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Full text of "Sponsor"

Digitized by the Internet Archive 

in 2013 



http://archive.org/details/sponsor53spon 



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magazine for Radio and TV advertisers 



12 JANUARY 1953 



50c per copy • $8 per year 



Fhe Proof of the Pudding . . . 



500 TV STATIONS: 
WHEN? COSTS? 

page 23 




Is in the leading-or so the JELL-O PUDDING and PIE FILLING box-top 
d 25-words-or-less contest indicates. 

mceived by Young & Rubicam for General Foods and aired in a spot cam- 
ign over 120 stations, the contest featured a slant that loaded the ether 
th sizzling pitches. To the disc-jockey that captured the greatest number 

entries according to market size and time cost went an expenses-paid 
cation in Paris for himself and wife! 

course KOWH's Sandy Jackson won— more proof that you can't do better 
an first place! And the Hooper averaged below for the fourteen-month 
■riod from October, 1951, to November, 1952, puts KOWH in undisputed 
st place— thanks to personalities like amiable Sandy. 



oV 



A> 



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w 



■ ■ 



What political sponsor- 
ship did for appliances 

page 32 




There's Nothing Better Than First Place! 




AVERAGE HOOPER 



[MS 



Special report on sales 
opportunities in Hawaii 
for air advertisers 










General Manager, Todd Storz; Represented Nationally By The BOILING CO. 



page 34 



Agencyman Smithson's 
verse to ease 
copywriter's curse 

page 37 






THf WHB. 9 MABXn All* 





CLUB 710— 

With "Oil" Wells as 

Master of Ceremonies 

His name is really Earl 
Wells — but a voice as 
smooth as oil, modulated 
to perfection — has earned 
him the nickname of 
"Oil." Monday through 
Friday, from 2 p.m. to 
4:45 p.m., "Oil" presents 
the latest popular records 
— and the old standard 
tunes. Two solid hours 
and 45 minutes of won- 
derful listening, with 
short, cryptic introduc- 
tions that make the pro- 
gram "mostly music." 
Each show features the 
"Top Twenty" tunes of 
the week, as reported by 
liillboard, Variety. Cash 
Box. a poll of local rec- 
ord shops, and the WHB 
Concensus. A wonderful 
time-segment for partici-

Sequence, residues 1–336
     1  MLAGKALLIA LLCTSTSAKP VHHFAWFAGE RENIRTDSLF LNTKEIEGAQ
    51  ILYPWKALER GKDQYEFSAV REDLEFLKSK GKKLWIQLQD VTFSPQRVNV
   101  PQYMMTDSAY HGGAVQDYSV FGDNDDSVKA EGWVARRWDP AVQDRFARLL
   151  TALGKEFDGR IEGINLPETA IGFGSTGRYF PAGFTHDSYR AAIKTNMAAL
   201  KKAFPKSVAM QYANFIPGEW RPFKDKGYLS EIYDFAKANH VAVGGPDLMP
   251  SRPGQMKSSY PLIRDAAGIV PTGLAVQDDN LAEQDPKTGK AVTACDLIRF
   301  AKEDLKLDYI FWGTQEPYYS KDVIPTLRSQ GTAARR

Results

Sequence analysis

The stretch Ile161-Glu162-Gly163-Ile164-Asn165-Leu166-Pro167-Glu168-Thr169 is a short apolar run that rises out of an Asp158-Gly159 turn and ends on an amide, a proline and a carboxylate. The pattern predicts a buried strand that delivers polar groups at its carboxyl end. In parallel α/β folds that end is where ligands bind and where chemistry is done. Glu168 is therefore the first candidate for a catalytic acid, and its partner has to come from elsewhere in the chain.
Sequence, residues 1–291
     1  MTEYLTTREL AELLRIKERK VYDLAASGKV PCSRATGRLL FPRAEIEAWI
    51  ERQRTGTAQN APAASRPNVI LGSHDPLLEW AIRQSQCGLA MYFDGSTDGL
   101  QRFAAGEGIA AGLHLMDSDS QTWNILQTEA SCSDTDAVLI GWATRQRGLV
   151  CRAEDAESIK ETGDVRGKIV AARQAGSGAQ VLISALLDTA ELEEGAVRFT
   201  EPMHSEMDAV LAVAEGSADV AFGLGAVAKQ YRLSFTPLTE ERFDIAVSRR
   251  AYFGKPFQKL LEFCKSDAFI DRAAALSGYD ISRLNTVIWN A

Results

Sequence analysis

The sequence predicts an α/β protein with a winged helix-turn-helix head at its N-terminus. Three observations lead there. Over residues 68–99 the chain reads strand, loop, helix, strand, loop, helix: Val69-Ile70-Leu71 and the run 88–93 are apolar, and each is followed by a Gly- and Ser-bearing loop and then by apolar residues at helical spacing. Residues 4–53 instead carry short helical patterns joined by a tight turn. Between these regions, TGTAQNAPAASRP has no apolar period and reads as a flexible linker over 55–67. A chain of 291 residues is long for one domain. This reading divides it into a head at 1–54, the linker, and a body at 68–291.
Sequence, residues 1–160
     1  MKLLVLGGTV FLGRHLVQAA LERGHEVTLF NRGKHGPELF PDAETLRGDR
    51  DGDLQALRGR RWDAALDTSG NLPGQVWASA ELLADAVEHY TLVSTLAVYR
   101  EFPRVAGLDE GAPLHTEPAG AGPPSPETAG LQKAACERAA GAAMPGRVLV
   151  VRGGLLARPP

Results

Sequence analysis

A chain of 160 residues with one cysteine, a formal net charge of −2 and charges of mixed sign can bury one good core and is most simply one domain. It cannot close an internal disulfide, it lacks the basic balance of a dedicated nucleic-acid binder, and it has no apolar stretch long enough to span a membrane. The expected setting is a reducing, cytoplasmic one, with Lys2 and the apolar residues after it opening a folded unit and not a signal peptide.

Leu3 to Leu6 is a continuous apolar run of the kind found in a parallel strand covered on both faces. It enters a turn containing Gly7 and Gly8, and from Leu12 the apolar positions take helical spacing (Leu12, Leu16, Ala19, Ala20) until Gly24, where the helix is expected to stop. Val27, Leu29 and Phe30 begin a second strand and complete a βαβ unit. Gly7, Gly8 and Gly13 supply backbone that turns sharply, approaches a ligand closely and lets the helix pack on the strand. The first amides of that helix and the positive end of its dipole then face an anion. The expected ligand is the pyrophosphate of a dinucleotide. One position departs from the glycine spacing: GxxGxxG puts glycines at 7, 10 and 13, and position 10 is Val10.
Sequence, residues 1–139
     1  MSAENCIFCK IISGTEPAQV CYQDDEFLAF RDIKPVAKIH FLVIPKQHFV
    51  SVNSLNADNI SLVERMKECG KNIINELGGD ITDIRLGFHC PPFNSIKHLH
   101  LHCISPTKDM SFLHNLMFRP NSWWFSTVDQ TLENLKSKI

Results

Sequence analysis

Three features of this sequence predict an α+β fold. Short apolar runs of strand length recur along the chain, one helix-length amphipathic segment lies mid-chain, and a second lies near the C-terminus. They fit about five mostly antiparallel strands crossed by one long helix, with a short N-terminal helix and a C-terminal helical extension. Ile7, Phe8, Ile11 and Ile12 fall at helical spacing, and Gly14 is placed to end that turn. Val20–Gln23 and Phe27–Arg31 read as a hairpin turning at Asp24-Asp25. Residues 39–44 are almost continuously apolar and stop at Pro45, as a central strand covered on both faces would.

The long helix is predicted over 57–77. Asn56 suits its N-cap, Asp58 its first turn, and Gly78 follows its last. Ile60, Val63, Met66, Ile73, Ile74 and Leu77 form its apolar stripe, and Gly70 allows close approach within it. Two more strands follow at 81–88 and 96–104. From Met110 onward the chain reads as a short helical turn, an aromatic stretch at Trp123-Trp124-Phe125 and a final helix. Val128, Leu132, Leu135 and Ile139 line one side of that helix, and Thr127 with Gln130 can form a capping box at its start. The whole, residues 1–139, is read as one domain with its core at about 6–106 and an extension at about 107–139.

pating announcements — 
"live" or minutes, trans- 
cribed. On one afternoon 
a week representatives of 
the leading phonograph 
record companies bring 
"Oil" their newest rec- 
ords ( never before heart] 
on the air in K 

—and present them 
personally for their 
"premiere" in the area. 








"WHB VARIETIES"— 

Radio's Answer to TV 

The finest music, brought to listeners 
as ONLY Radio can bring it! "You 
don't have to see it to enjoy it — just 
listen!" Variety is the keynote. Late 
records of leading recording ai 
(no jump) — plus fine albums in their 
entirety, plus entire musical coi 

tions! Observance of special mu- 
sical events, composers' birth 
movie preview music, special "days" 
and special "weeks." Nightly, M<> 
through Friday, for a full hour. The 
judgment in musical selection of Edna- 
lee Crouch (WHB's music librarian), 
plus the superb showmanship of Roch 
Ulmer, with his ready wit and glib 
tongue. Dignified sponsors with a 
dignified message will be welcomed 
on a participating schedule which al- 
lows only five commercials within the 
full-hour format. A premium spot for 
superior products! You'll see why 
it's "Radio's best night time buy!" 



W H B Neighborin' Tim. 

Advertisers who sell to the masses haw 
quick to ride herd with tins 
dinm , hours of noon 

time Saddh Soap Opera from 

I) K.im h the Cow < ountr) 
<lul> with iniisii li\ Don Sullivan 

ami Ins Western Band, and the coun 
us philosophy ol I>( t) Dyer. Brua 
(.lam i- mastei "t ceremonies, assisted 
l>\ hiv side-kick, Poke) Red. \l, Bud 
and i'i i« enliven the |>ioceedings with 
theii musical novelties and wisecracks. 
< hai uivcs the AP and local 

report .ii noon Itroadcast from 
2 pin daily, HUB 
i arries participating 
i minute transcriptions) 
ami sponsored quarter-hours. Ask for 
■ I u i ( k 1 y , before the 
*> K I noes up! 




I III K \ I I \ PROGF 

b ) iii/il | 

hold helps and appl 

kiinu tund 

spots on ilns si 

noun. 

by Sandra Lt< 



Ko< I 

Id and i 
with >er and h 

m the 

.,UI — o 

— brini: 

the 



nd 

I 




NBC girding 

for bigger 

TV program 

coups 



Agencymen 

speculate 

over NBC's 

changes 



Robert Hall 

revises 

media 

allocations 



DuMont blasts 

NCAA, yet 

gives time to 

its convention 



N. Y. teams 

welcome 

air-media 

inquiry 



Promotion of Frank White to NBC presidency is not expected to change 
RCA-NBC policy of pouring large sums into TV programing. Competitor 
networks are under impression RCA-NBC will not only continue this 
policy but embark on talent raiding ventu r es. One personality men- 
tioned as likely NBC raiding target, regardless of price, is Edward 
R. Murrow, who has been with CBS from start of his career in broad- 
casting. RCA President Frank Folsom, who swung Robert W. Sherwood 
playwriting deal for NBC TV, is expected to concern himself personal- 
ly with other strategic programing moves during 1953. 

--SR- 

Latest shift in NBC's official family has prompted this speculation